Tuesday, November 18, 2008

Mamma.com: Insider trading and XSS

Mamma.com's got issues other than Mark Cuban's insider trading allegations. As a point of reference for this conversation, Mamma.com is ranked 4064 on Alexa as of today.
I won't profess to following Mr. Cuban's public life and the occasional antics. Obviously, he's a colorful and popular figure; certainly in Dallas, if not nationally.
What follows is not a judgment of Mr. Cuban or his pending legal challenges. I'm sure the process will play itself out accordingly.
A quick summary and some reference material:
The SEC has filed insider trading charges against Mr. Cuban. "According to the SEC, Cuban dumped 600,000 shares, or all of his 6.3% stake, in the search engine Mamma.com (The Mother of All Search Engines), in June 2004 after learning about private financing that the company was proposing. By selling, he avoided losing $750,000, the SEC alleges."
The whole issue for Mr. Cuban was PIPE financing because it's "dilutive to existing shareholders’ stakes."
That's the long and the short of the current issue, and again, not my real interest here, with the exception of the bet I made with myself regarding the probable web application security posture of mamma.com.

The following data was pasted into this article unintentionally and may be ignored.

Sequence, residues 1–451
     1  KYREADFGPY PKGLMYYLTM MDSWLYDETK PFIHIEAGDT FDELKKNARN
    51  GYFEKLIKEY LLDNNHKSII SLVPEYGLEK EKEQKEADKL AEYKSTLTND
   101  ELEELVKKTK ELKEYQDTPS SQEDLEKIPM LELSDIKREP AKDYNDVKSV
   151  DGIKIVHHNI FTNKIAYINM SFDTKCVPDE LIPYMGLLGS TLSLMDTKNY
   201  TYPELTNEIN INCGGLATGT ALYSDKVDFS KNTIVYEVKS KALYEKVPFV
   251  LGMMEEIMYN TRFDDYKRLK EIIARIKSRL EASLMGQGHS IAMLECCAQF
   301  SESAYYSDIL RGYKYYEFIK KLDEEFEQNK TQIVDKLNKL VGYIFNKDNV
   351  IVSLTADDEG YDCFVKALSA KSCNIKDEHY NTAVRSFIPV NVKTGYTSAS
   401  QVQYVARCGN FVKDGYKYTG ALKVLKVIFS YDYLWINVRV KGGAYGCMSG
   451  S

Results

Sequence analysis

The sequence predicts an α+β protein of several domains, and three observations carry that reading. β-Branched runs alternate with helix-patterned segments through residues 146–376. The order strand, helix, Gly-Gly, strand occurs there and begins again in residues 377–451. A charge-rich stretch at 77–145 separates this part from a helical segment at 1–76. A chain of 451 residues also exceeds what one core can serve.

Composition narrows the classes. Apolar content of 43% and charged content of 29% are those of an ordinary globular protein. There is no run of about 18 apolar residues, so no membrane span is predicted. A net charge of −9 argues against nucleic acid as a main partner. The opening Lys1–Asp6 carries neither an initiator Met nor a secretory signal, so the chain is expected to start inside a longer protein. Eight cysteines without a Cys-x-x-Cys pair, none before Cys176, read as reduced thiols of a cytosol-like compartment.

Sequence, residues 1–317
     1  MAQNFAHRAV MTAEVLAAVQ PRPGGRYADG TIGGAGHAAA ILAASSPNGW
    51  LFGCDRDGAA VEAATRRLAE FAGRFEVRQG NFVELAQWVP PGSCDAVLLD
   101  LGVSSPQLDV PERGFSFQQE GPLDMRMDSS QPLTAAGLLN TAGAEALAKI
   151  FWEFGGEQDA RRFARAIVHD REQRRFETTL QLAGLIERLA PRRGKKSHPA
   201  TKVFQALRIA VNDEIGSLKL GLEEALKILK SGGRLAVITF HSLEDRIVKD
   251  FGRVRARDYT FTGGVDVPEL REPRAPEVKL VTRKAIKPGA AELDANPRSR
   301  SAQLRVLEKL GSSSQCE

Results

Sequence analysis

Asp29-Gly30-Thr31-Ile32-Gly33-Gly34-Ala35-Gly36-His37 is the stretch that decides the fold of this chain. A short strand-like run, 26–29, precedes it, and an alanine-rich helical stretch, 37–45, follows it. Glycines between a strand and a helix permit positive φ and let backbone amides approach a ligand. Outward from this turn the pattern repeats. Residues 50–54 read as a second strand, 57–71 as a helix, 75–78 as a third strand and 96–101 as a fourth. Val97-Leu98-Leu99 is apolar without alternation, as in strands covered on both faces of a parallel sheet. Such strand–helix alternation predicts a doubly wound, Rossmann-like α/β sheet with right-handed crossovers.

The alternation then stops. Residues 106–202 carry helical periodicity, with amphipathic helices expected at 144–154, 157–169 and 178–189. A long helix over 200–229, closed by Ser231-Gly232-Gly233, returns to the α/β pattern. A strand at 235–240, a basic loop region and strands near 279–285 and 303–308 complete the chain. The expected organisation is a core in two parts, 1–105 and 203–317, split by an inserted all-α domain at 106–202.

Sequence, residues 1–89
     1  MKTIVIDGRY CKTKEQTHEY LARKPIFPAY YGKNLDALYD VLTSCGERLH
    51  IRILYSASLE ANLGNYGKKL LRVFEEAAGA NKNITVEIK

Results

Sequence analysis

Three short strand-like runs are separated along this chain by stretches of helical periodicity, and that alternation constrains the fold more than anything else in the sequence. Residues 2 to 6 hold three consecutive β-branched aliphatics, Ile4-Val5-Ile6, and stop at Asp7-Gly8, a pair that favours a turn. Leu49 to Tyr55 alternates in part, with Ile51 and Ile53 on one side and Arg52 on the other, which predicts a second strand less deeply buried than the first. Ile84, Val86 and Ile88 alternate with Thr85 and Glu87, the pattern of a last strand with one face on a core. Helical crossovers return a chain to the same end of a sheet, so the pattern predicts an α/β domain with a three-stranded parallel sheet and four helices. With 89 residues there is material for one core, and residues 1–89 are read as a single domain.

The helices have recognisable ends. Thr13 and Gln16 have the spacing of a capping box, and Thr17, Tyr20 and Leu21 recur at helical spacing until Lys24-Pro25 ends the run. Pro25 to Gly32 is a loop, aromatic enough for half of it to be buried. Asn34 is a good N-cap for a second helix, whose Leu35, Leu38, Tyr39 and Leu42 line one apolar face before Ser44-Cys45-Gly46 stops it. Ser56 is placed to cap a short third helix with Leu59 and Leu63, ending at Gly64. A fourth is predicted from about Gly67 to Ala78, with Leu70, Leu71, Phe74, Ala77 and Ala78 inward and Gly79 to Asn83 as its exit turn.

All this talk about a popular site immediately sets off the little bell in my head (I hear it a lot).
"What's wrong with the site?" is always the first question I ask myself.


I was not disappointed.

Mamma.com exhibits the following issues:
1) XSS vulnerability in the utfout variable.



2) XSS vulnerability in the qtype variable.



3) XSS vulnerability in their Mammajobs site at the pid variable. This one's weirder still; if you drop an IFRAME in, it simply redirects to any URL you include in the IFRAME string.



4) The prospect of CSRF (rather pointless here given that its just a search engine, but but still defies best practices) appears likely given that mamma.com blindly accepts updates via GET and POST with no sign of a formkey (canary) in sight.

I figured it best to stop there, and have submitted all these to Copernic (the Momma parent company).
I am however truly disappointed that an enterprise as ambitious and motivated as Momma/Copernic seems to have thrown the baby out with the bath water when it comes to web application security.
With regard to Mark Cuban dumping his shares: maybe he was afraid of getting pwned. ;-) All kidding aside, it's a shame that the whimsical and pessimistic thoughts regarding web site security that bounce around in my head inevitably bear themselves out.

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1 comment:

Rafal said...

Always amusing Russ...Look - the bottom line is that in that kind of business it simply doesn't *pay* to be secure. Look at Google, right? Why in the world would Google care if their search engine has XSS flaws?
- Does that help their bottom line? - Does it somehow help them get more eyeballs on the ads they serve (the answer is maybe, btw)?

... and I know I'm preaching to the choir here when I say... if it (security) doesn't *make money* it's not on top of any web company's list of "features".

How depressing.